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Officials clash over grass-thatched houses

By Francis Emorut

Added 8th September 2016 10:24 AM

One argued that people living in grass-thatched houses are promoting backwardness and that they should embrace modernity.

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One argued that people living in grass-thatched houses are promoting backwardness and that they should embrace modernity.

Are grass-thatched houses backward and not fit for humanity?

That’s the subject that saw the general secretary of National Organization of Trade Unions (NOTU) clash with an environmentalist activist during a meeting in Kampala.

Africa Kiiza, an official from SEATINI argued that people living in grass-thatched houses are promoting backwardness and they should live in modern times.

National Association of Professional Environmentalists (NAPE) senior programme officer Geoffrey Kamese also weighed in, saying a grass-thatched house is not a good facility for people as you can't use electricity in it.

"Energy is a critical source for humanity. You can't develop using charcoal and firewood," he said in reference to what rural folks use for cooking.

NAPE senior programme officer Geoffrey Kamese. (Credit: Francis Emorut)


Such comments drew reaction from NOTU boss John Oprong.

"Grass-thatched houses are made out of local materials and not imported ones and you are saying this poverty?

"A grass-thatched house is cool and when you drink water kept in the pot, it is as cold as the one in the fridge,” he shot back.

And to consolidate this argument, Oprong (pictured immediately below) cited grass-thatched structures erected in recreational places like hotels as an expensive choice of accommodation.

 

This exchange happened during a Kampala meeting on seeking solutions to development inequalities. It was organized by Society for International Development (SID) and SEATINI.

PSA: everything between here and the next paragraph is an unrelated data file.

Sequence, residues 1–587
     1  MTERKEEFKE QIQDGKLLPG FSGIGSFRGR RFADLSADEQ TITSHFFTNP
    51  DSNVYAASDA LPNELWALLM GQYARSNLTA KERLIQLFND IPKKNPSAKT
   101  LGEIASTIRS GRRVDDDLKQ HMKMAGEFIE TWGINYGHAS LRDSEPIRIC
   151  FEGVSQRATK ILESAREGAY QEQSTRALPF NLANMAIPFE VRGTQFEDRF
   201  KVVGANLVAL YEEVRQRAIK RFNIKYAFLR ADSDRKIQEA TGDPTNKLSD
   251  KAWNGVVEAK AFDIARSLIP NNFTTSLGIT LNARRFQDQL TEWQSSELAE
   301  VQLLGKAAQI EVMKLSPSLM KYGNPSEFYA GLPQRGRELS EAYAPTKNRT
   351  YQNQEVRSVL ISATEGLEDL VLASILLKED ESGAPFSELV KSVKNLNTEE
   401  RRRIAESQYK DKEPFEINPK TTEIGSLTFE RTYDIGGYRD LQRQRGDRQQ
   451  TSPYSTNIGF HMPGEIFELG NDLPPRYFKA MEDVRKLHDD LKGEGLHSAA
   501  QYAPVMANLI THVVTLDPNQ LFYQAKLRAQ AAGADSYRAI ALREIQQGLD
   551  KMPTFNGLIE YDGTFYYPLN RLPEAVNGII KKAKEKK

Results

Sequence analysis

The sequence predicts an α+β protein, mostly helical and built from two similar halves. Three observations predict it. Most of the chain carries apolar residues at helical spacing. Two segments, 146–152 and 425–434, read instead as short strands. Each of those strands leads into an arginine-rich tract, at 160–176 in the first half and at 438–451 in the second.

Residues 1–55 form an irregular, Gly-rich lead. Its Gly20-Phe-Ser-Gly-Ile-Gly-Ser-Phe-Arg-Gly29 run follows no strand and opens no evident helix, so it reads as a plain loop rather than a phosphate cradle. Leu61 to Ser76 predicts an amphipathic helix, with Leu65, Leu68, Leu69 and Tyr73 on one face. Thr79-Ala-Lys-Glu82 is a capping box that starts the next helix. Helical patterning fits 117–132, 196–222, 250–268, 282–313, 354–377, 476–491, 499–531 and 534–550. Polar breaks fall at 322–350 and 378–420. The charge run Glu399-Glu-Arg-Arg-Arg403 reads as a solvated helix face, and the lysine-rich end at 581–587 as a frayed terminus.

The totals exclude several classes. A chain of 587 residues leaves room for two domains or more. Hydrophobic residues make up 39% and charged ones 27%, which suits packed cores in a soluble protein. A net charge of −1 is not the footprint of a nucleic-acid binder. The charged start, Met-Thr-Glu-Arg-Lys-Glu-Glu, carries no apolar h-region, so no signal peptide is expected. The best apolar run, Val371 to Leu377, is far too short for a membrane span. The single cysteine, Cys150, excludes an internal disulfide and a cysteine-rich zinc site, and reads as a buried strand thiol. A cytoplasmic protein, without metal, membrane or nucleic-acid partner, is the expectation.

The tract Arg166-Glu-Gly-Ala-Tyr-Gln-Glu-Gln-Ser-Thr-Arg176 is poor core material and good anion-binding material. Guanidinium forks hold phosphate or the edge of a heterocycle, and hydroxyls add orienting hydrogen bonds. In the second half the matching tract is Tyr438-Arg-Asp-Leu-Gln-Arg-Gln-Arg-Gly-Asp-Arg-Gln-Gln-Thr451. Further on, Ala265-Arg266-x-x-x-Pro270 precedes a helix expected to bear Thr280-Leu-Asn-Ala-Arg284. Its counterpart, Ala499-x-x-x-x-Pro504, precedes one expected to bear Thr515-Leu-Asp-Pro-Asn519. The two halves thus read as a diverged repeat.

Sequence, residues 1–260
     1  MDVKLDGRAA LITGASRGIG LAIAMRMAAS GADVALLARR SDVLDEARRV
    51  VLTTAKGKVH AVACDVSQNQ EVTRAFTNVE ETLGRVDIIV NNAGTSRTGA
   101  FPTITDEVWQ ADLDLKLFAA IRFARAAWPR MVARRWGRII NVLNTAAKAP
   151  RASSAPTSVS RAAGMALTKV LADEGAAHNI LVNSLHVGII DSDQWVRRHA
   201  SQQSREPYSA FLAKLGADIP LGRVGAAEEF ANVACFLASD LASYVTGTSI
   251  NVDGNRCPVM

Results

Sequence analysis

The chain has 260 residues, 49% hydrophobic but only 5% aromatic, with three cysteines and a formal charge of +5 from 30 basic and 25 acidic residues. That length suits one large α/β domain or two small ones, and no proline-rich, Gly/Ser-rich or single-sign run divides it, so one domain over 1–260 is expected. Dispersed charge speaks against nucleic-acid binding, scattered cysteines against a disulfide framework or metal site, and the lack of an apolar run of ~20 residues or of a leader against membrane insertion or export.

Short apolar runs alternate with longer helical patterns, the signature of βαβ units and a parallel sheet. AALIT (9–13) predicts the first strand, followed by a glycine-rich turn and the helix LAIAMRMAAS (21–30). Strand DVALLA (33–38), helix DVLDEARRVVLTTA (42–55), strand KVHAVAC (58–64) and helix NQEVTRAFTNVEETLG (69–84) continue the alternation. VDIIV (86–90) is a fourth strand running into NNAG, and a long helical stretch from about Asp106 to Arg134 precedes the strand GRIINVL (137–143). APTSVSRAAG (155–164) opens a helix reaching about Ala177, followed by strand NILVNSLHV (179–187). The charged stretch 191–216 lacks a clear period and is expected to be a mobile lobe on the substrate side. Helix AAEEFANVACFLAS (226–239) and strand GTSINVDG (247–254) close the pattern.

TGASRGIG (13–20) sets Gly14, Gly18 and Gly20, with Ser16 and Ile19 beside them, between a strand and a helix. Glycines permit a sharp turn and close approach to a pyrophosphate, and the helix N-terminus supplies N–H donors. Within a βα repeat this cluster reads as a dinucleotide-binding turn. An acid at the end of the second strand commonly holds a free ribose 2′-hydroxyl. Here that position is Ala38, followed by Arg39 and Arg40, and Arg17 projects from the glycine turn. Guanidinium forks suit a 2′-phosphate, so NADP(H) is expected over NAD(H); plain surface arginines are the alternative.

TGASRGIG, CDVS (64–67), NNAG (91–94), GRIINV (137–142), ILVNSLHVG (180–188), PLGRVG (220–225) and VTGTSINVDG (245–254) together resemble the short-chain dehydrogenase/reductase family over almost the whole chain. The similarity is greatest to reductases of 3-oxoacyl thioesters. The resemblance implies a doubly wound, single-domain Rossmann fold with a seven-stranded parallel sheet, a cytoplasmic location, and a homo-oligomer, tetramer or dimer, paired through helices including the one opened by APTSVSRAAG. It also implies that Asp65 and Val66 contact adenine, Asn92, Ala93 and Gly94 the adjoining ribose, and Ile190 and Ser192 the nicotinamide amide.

On ‘rolex’ (eggs rolled in chapatti) as one way of promoting tourism in Uganda, Kamese laughed it off, saying Uganda has become a laughing stock.

“It's a very unfortunate means of pushing our services," he talked of a delicacy named by CNN as the fastest growing new African fast food.

On the proposed land amendment mooted by government to acquire land for development without compensating the owner, Oprong warned that such a move is dangerous as it would force people to defend their land.

He advised government to construct a railway line along the Express Highway instead of buying another land for the railway infrastructure.

A neat grass-thatched structure at Ndere Centre in Kampala. (Credit: Francis Emorut)


Makerere University senior lecturer Prof. Mwambusya Ndebesa agreed, saying it would ease transport for passengers commuting from Entebbe to Kampala and also shorten the period of starting the railway project.

During the meeting, John Bosco Byanzi, a business development officer at Uganda National Chamber of Commerce and Industry observed that land ownership by top government officials has now been used as a way of hiding stolen funds from the public coffers.

Rebecca Akello, a participant, pointed out that in order to address inequality development, there should be political will and commitment. She said there is income inequality and labour laws need to be revisited.

On proposed land amendment, Bulamogi County MP Kenneth Lubogo advised participants that the amendment land bill has not yet been tabled before Parliament and therefore, no cause to worry.

An on the Operation Wealth Creation (OWC) intended to fight poverty, Lubogo said a system needs to be developed to track how funds are being utilized.

"Over sh1 trillion is channeled for wealth creation but I don't see anything in my village. How can you give 10kgs of seeds to 700 people? We need to take on government on how it uses expenditure.”

       

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